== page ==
salad turnips, lettuce mix, spinach, arugula.

  • The box of pea shoots in your share this week is meant to be eaten – not planted!  Place the box outside in partial shade or inside near a window. Keep them well watered & let them reach about 10-12 cm. Then use as desired – cut what you need and add them to your salad or sandwiches … If you cut them about half way down, leaving a stem & some leaves, they will grow back and you can harvest them again. (Cutting them all the way down at soil level gives a larger harvest – but only once.)

  • Bok choy is one of my favourite green vegetables. It can be added to your salads, but most often is sautéed or stir fried. We like to cook some garlic or onion in a bit of oil (olive or sesame) for a couple of minutes, then add the bok choy and continue cooking until it is wilted & still bright green – around 5 minutes or less. Season with salt & pepper to taste. We usually grow several kinds of bok choy – white & green, small & mini, tight heads or looser heads. Some prefer hot weather while others like it cooler. This ensures we always get a harvest.

Check out the bok choy recipes on including:, (As a member of our CSA you have access to this website with 900+ recipes, templates, storage and preserving tips, pantry stocking suggestions and vegetable prep videos, organized by vegetable and created using CSA Produce. Log in using the access key you received in a recent email.)

  • The first green onions are about big enough to harvest. Choose either a bunch of green onions or green garlic for your share this week.
  • There should be radishes in your box again this week – but there isn’t! Radishes are a cool weather crop and while we had some cool weather last week, we also had some hot days resulting in overgrown & hollow radishes. Good thing for salad turnips though! They are more heat tolerant than radishes with a similar taste & texture.
  • Enjoy fresh spring salads with our lettuce mix, spinach & arugula.


Around the farm this week …

The blackberries are starting to blossom.

A killdeer nest with 4 eggs right beside our vegetables.

Mother killdeer with her “broken wing” trying to lure me away from the nest.

Flynn in the fields trying to lure us toward him, hoping for a belly rub.

Blue flag iris blooming in our water garden.

Sooo happy we get to see this little guy more often again on the farm!





1 Comment

CSA 2020 – Week 2

Our roadside stand. The surprise of the season!

We were not really expecting much from this little farmstand. Past experience with a trailer of squash in fall or surplus sunflowers in summer, led us to believe that selling a few dollars worth of plants a day was all that could be expected. But instead we have sold an amazing amount over the last couple of weeks. Who knew!

Without our Toronto farmers’ market we have a surplus of vegetable plants to sell this year. So we filled the stand, and the trailer, clearly labeled everything & added a “self-serve” sign. Apparently gardening is a big thing this year but plants can be difficult to source – so we have benefited from this demand.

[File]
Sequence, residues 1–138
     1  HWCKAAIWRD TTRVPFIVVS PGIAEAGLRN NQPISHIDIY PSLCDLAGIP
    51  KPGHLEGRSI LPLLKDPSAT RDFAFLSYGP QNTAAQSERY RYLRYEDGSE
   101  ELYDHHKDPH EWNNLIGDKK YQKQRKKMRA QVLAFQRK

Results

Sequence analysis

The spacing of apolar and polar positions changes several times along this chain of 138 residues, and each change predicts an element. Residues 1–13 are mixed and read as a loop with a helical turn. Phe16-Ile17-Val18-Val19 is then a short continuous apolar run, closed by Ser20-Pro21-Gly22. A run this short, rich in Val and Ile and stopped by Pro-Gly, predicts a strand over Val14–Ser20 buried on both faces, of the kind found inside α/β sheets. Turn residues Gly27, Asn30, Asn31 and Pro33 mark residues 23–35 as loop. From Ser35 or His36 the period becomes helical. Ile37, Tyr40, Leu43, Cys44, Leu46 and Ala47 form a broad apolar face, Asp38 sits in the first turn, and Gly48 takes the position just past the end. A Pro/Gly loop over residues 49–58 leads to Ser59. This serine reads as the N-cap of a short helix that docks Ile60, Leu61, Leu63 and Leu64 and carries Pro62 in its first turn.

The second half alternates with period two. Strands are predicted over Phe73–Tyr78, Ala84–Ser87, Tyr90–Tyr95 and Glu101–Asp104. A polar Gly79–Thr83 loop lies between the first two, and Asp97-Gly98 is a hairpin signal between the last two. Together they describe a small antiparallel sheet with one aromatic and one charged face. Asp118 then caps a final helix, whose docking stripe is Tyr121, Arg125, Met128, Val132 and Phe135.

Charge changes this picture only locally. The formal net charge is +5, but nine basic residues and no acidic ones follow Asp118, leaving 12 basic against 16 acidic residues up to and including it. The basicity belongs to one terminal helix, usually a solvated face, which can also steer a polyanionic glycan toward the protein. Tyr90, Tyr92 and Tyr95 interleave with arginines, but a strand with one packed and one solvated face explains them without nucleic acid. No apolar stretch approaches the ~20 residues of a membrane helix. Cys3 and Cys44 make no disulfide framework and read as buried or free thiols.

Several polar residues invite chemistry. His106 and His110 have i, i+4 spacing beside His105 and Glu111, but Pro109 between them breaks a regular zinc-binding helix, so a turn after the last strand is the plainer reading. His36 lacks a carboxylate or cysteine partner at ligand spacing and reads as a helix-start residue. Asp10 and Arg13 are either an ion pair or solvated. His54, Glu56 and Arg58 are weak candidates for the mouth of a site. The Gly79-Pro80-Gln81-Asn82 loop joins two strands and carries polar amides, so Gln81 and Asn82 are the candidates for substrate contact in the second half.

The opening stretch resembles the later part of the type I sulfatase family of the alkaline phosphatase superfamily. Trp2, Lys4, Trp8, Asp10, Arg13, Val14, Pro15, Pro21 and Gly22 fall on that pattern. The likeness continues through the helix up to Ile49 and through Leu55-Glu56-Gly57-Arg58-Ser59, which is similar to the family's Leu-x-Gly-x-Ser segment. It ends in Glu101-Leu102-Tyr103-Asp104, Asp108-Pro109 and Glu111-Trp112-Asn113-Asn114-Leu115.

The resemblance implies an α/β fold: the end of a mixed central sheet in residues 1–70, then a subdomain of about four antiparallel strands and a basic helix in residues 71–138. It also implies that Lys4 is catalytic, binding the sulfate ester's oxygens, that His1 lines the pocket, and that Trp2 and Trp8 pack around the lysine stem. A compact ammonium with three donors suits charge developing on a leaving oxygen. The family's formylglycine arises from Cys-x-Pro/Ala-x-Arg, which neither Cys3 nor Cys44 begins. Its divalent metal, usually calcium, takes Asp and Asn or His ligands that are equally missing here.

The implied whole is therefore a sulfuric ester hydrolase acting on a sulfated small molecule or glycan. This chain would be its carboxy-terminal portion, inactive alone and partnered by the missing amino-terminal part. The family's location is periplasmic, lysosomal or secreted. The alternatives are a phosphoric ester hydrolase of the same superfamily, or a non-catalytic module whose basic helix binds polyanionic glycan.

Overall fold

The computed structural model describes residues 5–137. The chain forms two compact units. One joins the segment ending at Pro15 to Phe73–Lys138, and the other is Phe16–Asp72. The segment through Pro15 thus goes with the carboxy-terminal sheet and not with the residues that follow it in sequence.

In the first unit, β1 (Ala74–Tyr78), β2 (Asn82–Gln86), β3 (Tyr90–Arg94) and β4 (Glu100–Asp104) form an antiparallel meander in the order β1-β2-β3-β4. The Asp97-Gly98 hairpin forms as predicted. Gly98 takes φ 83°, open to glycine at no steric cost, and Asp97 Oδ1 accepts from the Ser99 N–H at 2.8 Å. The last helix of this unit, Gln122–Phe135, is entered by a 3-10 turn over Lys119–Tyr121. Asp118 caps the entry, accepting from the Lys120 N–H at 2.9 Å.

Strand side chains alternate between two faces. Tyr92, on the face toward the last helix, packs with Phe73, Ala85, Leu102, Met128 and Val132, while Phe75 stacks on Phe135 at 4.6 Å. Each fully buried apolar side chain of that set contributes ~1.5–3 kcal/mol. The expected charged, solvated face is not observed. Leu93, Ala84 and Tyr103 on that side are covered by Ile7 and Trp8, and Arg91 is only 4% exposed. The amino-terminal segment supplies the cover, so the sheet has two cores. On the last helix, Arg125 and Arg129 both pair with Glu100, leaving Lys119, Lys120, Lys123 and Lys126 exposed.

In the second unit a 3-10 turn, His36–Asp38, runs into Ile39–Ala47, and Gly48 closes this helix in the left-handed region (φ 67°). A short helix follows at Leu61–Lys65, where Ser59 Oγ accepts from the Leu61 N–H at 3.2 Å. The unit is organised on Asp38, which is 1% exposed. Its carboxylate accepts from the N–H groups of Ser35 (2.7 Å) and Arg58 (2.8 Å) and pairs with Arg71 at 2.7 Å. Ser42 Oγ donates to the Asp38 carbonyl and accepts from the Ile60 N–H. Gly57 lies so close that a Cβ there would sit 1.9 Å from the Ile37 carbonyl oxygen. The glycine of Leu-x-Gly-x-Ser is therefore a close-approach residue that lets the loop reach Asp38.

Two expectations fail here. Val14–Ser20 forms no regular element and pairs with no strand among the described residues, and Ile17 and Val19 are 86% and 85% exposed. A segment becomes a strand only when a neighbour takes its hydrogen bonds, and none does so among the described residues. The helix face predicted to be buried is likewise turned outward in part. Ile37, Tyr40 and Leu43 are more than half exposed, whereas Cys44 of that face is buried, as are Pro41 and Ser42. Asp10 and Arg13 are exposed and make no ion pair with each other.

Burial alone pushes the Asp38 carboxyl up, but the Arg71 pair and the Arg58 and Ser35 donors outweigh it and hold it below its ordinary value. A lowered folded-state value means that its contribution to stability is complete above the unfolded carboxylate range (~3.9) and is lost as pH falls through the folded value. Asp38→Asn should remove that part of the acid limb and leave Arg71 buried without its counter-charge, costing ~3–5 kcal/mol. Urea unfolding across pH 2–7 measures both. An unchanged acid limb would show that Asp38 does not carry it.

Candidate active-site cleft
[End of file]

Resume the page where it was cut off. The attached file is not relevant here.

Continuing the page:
This past week was the big start to our selling season. Until now (other than keeping the farmstand stocked), we have had our heads down, working in the greenhouse & fields – seeding, transplanting, watering, weeding … and watching stuff grow. Then last week our CSA began – 3 pick-up days this year to accommodate all of our members safely & to coordinate with the harvest schedule. We finished the week with our 1st farmers’ market of the year on Saturday at Georgetown.

It was a busy week! It was a good week!

We enjoyed seeing all our returning CSA friends and meeting our many new members – though we couldn’t socialize and visit as much as usual.

And market was a different experience as well. One way walking on the street, a limit of 2 customers at our stall at one time, vendors spread out, speaking through facemasks (even more difficult was hearing & understanding people speak through masks while distancing) … But it was good to see familiar faces there as well. Several of our North York market customers even showed up to purchase our plants! Despite the rules & restrictions, sales were brisk and we had a successful 1st market day. Plus we have an online store for our Georgetown customers where they can purchase our products in advance and then pick them up on Saturday at a location separate from the market to avoid the crowds. These online sales are welcome (but a lot of extra work to prepare & package)!

What’s in the box?

Lettuce mix, radishes, salad turnips, baby kale, spinach & arugula.

It’s a salad sort of box this week, with a good mix of flavours, textures, colours, shapes … As usual all our vegetables have been washed once. You may want to wash them again. Store in a bag in the fridge where they will keep well for at least a week.

  • Our lettuce mix is a beautiful & delicious blend of different kinds of red & green lettuces.
  • You may find round, red radishes in your share this week or perhaps the long red & white French breakfast radishes. We have both kinds ready to harvest.
  • Salad turnips are small, round, white turnips that resemble radishes, but without the bite (usually)! Mild in flavour, crisp, and quite tender, they are best eaten raw – simply wash, cut off the tops and enjoy! They can also be stir fried, sautéed, or steamed – both the turnips & the green tops.